What I Know About Hiring and Firing: Part 2

Following on from the first installment last week, I share my second observation on hiring and firing for founders and CEOs of growth stage companies.

    2.       Recruitment as a core competence

The hiring challenge intensifies as growth accelerates and greater demands are placed on the organisation. The interval between new hires shortens. Hiring is prioritised on the back of success. Key positions must be created and filled. Hires must be on-boarded ahead of projected growth.

A key strategic issue facing all CEOs is determining what competence is ‘core’ and what is ‘peripheral’. Core activities are those that directly contribute to the company’s competitive differentiation. Building capability in these areas translates into a distinctive performance advantage delivered through efficient collective execution. Core capabilities matter, and hiring, along with people development, are the pillars upon which all capability building rests.

Easy to say: hard to do.  Start by seeking out smart practices (This will be the subject of a later blog post). Look at companies that hire well. Ask them how they do it. Non-competing companies will happily share practice. Look at the abundant literature.  Formulate your ideas into an end-to-end process that you feel reflects your culture.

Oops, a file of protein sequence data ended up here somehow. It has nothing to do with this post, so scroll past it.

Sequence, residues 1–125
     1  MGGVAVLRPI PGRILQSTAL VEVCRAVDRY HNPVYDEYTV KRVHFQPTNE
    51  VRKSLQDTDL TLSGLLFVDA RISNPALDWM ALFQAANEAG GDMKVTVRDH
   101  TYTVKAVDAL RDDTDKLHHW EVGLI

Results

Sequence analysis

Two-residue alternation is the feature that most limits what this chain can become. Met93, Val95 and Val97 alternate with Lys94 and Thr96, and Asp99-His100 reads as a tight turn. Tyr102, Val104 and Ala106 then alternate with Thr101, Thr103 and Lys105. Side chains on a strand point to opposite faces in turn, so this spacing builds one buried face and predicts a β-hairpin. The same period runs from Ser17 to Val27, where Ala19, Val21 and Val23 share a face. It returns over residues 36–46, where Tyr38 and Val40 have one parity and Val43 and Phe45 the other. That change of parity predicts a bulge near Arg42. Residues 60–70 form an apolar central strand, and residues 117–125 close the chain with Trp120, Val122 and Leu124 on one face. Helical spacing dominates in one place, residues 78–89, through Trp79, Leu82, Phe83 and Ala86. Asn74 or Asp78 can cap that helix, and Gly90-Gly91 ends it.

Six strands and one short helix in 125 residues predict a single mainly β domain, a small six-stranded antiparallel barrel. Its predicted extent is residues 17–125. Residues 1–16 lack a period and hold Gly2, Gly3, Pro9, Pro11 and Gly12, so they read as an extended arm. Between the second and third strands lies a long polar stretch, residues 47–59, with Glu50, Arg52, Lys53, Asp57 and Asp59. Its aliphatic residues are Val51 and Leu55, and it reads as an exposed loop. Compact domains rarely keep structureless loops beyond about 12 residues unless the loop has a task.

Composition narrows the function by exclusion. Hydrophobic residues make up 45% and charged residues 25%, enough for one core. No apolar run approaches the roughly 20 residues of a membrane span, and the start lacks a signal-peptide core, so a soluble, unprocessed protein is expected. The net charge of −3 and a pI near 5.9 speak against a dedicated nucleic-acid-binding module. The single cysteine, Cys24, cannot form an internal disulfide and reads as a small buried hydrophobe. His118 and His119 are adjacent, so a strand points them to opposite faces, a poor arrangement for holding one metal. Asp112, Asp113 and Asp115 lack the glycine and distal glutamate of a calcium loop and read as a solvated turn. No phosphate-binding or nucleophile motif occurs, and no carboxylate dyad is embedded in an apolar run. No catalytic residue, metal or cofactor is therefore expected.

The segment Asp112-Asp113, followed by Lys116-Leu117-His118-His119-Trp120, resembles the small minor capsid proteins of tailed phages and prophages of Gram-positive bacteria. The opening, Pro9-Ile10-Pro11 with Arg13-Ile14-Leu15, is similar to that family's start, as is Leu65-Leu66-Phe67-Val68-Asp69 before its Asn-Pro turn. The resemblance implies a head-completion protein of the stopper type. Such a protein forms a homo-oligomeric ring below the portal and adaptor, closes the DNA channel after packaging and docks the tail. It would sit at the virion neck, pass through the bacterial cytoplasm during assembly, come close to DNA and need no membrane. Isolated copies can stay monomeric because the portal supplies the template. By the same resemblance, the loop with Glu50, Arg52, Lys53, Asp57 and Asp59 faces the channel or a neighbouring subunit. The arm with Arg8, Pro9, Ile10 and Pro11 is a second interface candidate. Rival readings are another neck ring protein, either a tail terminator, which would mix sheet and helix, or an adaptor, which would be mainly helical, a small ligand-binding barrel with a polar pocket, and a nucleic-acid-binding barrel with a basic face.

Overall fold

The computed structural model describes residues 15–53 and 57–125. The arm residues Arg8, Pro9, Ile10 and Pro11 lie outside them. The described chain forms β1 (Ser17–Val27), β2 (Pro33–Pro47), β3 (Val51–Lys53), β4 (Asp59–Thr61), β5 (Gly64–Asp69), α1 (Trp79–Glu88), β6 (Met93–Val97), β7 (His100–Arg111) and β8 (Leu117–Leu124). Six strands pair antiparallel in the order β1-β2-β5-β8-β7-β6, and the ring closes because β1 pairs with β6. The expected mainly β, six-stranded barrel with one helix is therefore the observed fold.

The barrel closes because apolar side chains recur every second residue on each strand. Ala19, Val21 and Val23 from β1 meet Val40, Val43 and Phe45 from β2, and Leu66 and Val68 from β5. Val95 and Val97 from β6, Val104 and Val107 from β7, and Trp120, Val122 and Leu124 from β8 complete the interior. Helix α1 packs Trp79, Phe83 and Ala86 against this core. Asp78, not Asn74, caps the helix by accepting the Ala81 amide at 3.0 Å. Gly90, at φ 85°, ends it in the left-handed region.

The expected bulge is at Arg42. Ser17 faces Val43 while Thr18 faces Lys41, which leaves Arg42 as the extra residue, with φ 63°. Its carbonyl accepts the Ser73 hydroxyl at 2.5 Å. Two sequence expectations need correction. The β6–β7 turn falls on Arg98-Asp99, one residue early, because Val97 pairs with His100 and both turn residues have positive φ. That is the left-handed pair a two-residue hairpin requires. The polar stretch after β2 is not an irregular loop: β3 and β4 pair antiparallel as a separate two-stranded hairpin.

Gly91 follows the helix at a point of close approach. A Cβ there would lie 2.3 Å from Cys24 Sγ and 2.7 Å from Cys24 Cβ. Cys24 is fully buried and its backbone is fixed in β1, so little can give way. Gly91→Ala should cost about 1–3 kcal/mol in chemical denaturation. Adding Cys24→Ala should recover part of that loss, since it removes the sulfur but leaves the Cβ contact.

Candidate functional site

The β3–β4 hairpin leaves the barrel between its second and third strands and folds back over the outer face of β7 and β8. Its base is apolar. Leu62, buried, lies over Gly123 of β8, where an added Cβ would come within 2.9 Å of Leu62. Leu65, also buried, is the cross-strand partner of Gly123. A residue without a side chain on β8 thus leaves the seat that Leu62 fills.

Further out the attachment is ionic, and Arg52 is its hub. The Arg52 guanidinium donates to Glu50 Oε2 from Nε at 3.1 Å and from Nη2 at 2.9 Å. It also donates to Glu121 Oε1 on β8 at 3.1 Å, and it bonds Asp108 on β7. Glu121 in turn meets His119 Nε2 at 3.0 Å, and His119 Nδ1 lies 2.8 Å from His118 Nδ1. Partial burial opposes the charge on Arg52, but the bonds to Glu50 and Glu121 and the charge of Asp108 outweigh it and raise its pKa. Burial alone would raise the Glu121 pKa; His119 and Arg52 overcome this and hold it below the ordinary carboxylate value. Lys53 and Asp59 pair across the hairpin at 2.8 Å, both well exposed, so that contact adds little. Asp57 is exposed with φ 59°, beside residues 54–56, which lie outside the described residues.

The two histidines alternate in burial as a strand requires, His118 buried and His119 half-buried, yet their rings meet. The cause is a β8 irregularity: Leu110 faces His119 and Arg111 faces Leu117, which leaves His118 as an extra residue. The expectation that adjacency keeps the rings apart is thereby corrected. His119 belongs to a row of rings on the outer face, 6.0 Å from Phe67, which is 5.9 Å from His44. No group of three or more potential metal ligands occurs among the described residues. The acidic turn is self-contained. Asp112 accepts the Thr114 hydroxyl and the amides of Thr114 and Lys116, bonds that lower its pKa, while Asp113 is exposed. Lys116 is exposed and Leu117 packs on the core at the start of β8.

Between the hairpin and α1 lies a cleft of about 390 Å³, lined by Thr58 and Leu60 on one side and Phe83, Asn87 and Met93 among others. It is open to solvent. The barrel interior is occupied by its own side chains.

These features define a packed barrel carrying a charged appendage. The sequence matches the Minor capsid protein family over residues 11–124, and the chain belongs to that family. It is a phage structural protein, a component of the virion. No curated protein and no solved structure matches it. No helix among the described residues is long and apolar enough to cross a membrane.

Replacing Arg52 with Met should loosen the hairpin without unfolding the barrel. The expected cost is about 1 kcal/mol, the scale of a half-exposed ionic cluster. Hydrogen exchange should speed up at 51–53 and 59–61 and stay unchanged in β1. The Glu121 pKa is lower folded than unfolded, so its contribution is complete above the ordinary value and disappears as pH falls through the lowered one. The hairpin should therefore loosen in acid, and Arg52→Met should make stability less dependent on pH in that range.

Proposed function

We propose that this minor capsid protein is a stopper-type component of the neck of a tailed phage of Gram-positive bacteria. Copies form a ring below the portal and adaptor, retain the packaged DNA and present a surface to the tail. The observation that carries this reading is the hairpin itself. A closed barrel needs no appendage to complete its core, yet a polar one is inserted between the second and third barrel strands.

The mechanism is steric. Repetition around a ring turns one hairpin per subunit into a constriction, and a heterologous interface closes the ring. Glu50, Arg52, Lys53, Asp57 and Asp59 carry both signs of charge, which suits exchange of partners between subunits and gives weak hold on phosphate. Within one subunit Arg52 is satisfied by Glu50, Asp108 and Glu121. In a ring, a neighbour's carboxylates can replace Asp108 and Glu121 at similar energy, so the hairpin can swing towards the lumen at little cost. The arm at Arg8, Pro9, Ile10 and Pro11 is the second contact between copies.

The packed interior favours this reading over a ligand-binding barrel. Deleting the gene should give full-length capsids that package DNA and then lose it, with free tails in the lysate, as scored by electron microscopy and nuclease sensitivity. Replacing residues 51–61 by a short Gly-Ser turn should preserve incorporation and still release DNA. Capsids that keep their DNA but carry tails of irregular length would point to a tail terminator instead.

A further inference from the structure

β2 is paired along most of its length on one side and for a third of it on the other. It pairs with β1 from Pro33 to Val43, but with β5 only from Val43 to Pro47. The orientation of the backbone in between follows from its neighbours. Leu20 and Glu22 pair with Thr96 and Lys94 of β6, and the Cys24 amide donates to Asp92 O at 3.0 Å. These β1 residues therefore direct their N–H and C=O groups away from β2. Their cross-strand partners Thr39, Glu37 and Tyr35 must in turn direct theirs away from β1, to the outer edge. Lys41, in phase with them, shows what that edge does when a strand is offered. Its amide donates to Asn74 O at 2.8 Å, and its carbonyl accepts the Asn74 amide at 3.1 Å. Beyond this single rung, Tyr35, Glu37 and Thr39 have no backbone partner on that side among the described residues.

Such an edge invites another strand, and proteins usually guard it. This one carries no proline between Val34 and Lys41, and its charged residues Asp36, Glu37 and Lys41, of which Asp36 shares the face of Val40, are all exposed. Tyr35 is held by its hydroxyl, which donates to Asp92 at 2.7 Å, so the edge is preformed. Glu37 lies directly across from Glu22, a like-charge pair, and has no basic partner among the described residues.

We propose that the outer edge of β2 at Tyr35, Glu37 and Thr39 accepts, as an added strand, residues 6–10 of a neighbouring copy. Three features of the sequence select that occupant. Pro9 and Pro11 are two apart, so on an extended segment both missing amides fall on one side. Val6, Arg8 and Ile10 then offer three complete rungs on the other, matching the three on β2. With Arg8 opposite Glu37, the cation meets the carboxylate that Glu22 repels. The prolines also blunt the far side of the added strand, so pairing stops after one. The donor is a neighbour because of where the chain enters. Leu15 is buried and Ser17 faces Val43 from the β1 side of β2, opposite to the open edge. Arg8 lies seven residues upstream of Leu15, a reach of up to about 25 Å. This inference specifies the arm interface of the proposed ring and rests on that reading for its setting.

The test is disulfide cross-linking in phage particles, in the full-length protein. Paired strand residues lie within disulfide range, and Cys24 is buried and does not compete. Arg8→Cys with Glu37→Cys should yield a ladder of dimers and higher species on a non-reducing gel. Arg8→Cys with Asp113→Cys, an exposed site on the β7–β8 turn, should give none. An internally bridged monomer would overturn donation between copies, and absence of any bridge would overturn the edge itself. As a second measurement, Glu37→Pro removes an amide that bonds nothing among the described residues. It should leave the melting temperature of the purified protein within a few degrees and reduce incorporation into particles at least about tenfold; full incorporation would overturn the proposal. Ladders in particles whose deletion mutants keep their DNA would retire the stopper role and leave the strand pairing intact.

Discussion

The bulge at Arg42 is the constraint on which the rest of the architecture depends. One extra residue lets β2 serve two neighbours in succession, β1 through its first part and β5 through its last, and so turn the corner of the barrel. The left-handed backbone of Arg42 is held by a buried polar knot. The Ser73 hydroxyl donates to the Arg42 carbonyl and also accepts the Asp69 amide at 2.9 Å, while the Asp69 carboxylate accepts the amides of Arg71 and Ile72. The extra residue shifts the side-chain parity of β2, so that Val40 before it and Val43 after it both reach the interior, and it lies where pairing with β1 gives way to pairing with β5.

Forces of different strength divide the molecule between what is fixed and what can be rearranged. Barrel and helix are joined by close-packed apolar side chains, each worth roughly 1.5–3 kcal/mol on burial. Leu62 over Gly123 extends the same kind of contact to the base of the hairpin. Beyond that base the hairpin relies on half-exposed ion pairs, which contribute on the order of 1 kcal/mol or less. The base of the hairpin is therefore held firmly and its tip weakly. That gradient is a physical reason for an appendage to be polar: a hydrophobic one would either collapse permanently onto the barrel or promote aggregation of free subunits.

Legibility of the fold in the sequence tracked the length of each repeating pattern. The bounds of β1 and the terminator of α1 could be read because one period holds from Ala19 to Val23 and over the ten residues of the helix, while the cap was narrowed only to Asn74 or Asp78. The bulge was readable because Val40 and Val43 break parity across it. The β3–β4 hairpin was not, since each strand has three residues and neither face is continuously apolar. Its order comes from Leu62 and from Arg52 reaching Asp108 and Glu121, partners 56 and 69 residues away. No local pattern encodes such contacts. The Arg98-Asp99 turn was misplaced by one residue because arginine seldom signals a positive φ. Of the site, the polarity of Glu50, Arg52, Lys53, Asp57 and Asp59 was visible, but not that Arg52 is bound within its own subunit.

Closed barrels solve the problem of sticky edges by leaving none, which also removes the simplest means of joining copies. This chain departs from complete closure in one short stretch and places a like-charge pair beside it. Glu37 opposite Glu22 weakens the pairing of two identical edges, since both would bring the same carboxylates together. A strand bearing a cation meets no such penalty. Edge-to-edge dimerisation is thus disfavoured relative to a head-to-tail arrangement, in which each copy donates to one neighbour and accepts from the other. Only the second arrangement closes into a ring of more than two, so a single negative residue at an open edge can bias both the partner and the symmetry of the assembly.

Then start the process of improvement.  Review the process after each hire and keep learning. Source feedback from successful and non-successful candidates, from HR experts, from Board members, and from colleagues.  Ask for feedback or advice and you will generally receive it. Innovate around the process in a way that reflects and develops your values and your culture. Only in this way will a fit-for-purpose process evolve.

Above all, when you get it wrong (and you will), avoid the frequently trod path of blaming the hire. Be self-critical. You hired the person, and if it turns out that there is a mismatch between the person’s capabilities and the demands of the role, then it is your judgement that is in question. You designed the process that generated the data points that informed your judgement. Revisit the process and get value from your failure.

Part 3 of this series will be published next week. To view part 1, click here.